Being on ketogenic lifestyle requires me to be fat adapted, which means to eat fat and then eat fat and then maybe have a dessert such as the fat bomb. Seriously, it is a ‘fat’ life and I am so happy to be the “fat” girl and the “fat” athlete. The latter one, however, brings in the picture another approach: the cyclic ketosis. What that simply means, is having the carbing-up days especially on heavy weight lifting days (endurance is perfectly fine to be performed while being fueled with fats only). Also, for me as woman, it is important to have those days because of my feminine nature: the proper hormone production, to keep thyroid and adrenals happy, to keep my mood swing on point and my skin shiny and beautiful.
For that days, I prepared great keto-friendly pancakes which still help me with carbing up and feeling happy by catching two birds at the same time – yeay!
Let me explain to you why grains can still be healthy, keto-approved and delivering great nutrients to my body. The grains I mean here are: quinoa, couscous, millet, farro, buckwheat, barley, rye and bulgur. The great carbohydrate’s source is white rice. Turning brown rice into white rice removes phytate – an anti-nutrient that stops us from absorbing minerals – and leaves a clean source of starch. It also reduces arsenic – brown rice was found to have up to 80 times more arsenic than white rice.
The only thing you need to do with them is to take some time and sprout them!
The process of sprouting is, in the simplest terms, the process of seed germination. In the case of grains, the grain “seed” is kept warm and damp, just as it would be in the soil, and after some period of time a tiny sprout begins to emerge from that grain “seed”.
The sprouting process is a complete biological transformation of the seed. In this process there is a lessening of the starch of the grain and at the same time an increase in the protein, fat, amino acid composition, and B vitamin content. Through the enzymatic action that occurs in the sprouting process the anti-nutrients found in the grain are also lessened. Sprouting is also a good way to prepare whole grains that will be consumed as a side dish.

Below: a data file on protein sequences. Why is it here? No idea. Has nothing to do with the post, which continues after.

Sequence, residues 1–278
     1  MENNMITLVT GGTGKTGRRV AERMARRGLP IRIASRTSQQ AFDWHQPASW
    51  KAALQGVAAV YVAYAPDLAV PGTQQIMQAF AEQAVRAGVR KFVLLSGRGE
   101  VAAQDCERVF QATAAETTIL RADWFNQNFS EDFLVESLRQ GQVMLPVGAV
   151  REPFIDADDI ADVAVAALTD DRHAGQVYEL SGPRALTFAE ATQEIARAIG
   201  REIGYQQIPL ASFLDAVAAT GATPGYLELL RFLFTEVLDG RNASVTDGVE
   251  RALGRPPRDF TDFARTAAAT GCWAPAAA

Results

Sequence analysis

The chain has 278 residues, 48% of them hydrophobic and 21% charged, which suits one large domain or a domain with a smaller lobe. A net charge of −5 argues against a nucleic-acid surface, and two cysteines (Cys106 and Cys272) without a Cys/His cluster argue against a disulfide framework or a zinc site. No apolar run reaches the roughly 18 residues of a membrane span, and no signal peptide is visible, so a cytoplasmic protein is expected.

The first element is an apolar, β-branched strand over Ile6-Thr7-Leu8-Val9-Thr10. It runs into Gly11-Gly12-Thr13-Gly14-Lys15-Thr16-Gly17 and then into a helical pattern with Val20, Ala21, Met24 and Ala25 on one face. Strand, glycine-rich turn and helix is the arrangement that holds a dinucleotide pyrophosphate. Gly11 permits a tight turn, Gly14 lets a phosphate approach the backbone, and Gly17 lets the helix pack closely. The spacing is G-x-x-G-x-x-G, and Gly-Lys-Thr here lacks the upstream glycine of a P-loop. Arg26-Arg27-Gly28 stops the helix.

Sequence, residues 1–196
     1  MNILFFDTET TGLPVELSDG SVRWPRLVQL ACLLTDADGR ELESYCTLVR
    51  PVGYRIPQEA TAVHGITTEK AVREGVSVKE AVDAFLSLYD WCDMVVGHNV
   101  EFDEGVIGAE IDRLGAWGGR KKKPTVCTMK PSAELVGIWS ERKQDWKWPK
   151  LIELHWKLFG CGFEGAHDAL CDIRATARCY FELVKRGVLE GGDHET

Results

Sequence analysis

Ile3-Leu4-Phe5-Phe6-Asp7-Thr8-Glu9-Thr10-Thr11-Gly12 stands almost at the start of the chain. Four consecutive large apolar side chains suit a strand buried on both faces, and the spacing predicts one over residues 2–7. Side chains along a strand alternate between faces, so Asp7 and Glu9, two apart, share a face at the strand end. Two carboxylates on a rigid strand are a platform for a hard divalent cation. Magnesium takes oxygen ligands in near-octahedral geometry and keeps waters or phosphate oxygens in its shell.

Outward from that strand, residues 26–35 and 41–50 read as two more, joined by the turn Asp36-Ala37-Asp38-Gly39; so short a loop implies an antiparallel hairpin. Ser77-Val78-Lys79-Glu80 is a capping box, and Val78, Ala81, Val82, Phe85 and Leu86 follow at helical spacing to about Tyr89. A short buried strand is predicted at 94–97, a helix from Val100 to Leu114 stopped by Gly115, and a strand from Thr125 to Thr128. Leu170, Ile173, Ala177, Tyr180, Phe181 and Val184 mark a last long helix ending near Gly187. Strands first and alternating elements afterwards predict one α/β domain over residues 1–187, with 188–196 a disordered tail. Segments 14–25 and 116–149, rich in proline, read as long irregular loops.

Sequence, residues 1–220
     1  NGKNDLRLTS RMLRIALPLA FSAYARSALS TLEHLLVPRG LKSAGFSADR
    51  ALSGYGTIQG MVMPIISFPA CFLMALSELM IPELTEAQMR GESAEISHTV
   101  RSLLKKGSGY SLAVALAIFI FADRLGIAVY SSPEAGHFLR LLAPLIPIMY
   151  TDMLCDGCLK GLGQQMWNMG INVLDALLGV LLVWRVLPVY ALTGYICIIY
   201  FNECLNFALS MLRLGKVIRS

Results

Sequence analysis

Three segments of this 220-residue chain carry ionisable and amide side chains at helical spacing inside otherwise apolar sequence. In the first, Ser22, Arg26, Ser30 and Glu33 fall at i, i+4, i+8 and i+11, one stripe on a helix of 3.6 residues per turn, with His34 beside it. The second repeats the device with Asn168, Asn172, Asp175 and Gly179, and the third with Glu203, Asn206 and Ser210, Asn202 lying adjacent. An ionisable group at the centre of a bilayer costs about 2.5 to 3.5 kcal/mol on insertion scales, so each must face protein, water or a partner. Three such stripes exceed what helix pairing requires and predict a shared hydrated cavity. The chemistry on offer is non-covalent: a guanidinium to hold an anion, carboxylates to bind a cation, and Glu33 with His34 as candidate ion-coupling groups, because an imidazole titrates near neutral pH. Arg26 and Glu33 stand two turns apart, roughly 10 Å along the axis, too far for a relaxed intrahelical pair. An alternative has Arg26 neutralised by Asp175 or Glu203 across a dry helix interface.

OK, so let’s get to the actual recipe:
Begin by sprouting and fermenting your grain, in this case it is whole barley pearls.
- Wash them with water four or five time and leave to soak them in filtered water overnight in a glass bowl with a plate on top.
- In the morning, wash and rinse your grains thoroughly and cover with filtered water again. This time, add about 1 tbsp of the juice of half a lemon (or ¼ tbsp of citric acid) to the water and cover again for 12–24 hours.
- Rinse the grains and strain out the water. They are now ready to use.
For your pancake recipe use:
3 cups of your sprouted, fermented grain
4 organic pastured eggs
6 tbsp of grass-fed butter or coconut oil
2 tsp baking soda
1 tbsp vanilla powder
Blend all ingredients in the food processor for at least 5 minutes until nice and smooth. Make pancakes spraying the pan with coconut oil.
Serve with grass-fed butter or almond butter, or some organic, grass-fed yogurt or kefir, and a small amount of sliced bananas or berries of your choice. Enjoy your carb-up day or your dessert!
Per one serving: 151 calories; 9g fats; saturated fats 5g; monounsaturated fats 1g; carbohydrates 15g; fiber 2g; sugars 0g; proteins 4g; cholesterol 74mg; sodium 324mg; potassium 71mg.
YOU ARE IN IT TO WIN IT!!!!
YOU got this beYOUtiful!!!! ❤